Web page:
Not Just Another Grouchy Grammarian

Musings about language, books, grammar, and writing in general

Review: The Muralist, by B.A. Shapiro

Sadly, I didn’t enjoy this as much as I thought I would. I picked it up due to my friend Jan’s recommendation, and her recommendations are usually spot-on for me.

It is a fascinating story- an artist, Danielle, goes searching for her family history, including that of her great-aunt Alizée Benoit, a WPA artist who disappeared after the war. However, what kept me reading, more than the weaving in of prominent historical figures, was the way Danielle’s personality (and that of her family) operated at so many different levels; Aunt Alizée, for example, was mature enough to interrupt a meeting between Eleanor Roosevelt and the owners of the WPA project she is working on, with a goal of getting the current work of her and her contemporaries (the founders, pretty much, of abstract expressionism) included in WPA projects and exhibitions, despite the rule that all WPA art had to be representational rather than abstract. In other areas of her life, Alizée has trouble being quite so forthright. She is also a bit naive regarding getting her relatives out of what is becoming Vichy France. Even as officials are telling her, one after another, that she will not be able to obtain the needed visas, she still keeps attempting the same methods to try and rescue her family, much the way Danielle keeps searching for her great-aunt despite being thwarted at every turn.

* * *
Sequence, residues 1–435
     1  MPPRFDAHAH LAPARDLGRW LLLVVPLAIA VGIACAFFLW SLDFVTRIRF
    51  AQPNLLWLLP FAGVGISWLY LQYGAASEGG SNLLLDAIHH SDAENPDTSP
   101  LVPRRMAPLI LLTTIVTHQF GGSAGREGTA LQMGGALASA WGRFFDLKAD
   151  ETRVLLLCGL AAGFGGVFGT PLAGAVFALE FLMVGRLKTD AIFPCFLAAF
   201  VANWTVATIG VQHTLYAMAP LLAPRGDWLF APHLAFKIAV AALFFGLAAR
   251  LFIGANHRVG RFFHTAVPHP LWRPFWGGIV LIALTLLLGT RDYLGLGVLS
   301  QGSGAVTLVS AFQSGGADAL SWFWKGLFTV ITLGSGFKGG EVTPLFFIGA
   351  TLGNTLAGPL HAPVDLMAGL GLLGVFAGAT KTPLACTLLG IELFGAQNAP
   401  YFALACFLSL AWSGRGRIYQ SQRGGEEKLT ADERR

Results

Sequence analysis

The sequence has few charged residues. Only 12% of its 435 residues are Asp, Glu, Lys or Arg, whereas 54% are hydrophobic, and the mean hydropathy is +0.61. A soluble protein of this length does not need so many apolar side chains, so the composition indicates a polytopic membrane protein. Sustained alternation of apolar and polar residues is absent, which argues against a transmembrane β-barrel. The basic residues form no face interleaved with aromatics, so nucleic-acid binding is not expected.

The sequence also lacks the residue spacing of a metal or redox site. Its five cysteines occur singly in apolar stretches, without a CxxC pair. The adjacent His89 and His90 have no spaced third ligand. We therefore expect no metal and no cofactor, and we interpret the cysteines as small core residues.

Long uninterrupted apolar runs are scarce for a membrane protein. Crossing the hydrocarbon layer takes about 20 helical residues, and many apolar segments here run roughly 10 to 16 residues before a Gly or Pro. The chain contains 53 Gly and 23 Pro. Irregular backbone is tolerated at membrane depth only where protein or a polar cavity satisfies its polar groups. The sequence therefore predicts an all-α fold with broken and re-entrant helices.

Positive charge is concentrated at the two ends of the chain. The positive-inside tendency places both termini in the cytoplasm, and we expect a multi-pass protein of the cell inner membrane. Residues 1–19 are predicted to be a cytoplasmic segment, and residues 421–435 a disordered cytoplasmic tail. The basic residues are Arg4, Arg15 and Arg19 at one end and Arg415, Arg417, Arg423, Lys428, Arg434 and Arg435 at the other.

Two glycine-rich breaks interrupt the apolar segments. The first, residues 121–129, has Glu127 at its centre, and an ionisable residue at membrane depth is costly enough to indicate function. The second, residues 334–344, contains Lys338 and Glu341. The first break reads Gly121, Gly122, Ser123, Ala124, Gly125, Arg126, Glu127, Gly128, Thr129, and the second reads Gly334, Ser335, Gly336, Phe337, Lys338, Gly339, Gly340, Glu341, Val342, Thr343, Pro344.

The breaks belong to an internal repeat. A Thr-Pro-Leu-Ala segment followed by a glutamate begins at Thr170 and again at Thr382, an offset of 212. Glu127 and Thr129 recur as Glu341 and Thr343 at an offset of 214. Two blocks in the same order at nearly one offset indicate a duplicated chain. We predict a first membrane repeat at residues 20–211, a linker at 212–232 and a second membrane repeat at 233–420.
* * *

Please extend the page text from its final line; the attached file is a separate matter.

It’s not a bad book, and it’s possible that it was just a bit triggery for me – a Russian/Roumanian/Galician Jew whose ancestors emigrated to America in the lead-up years to World War II. It is definitely worth reading, not least for the way real historical figures are woven into the story (the one thing from the times she seems to have missed is the story about Marc Chagall locking his paintings into a Paris attic before evacuating during the war and expecting to find them still there when he went back after the war (they were stolen while he was gone, in fact), but for the multiple layers of maturity Shapiro’s characters show as they move through their lives. These are complex people, with many fears, motivations, and agendas, and that is what kept me reading through a book I might otherwise have put down.

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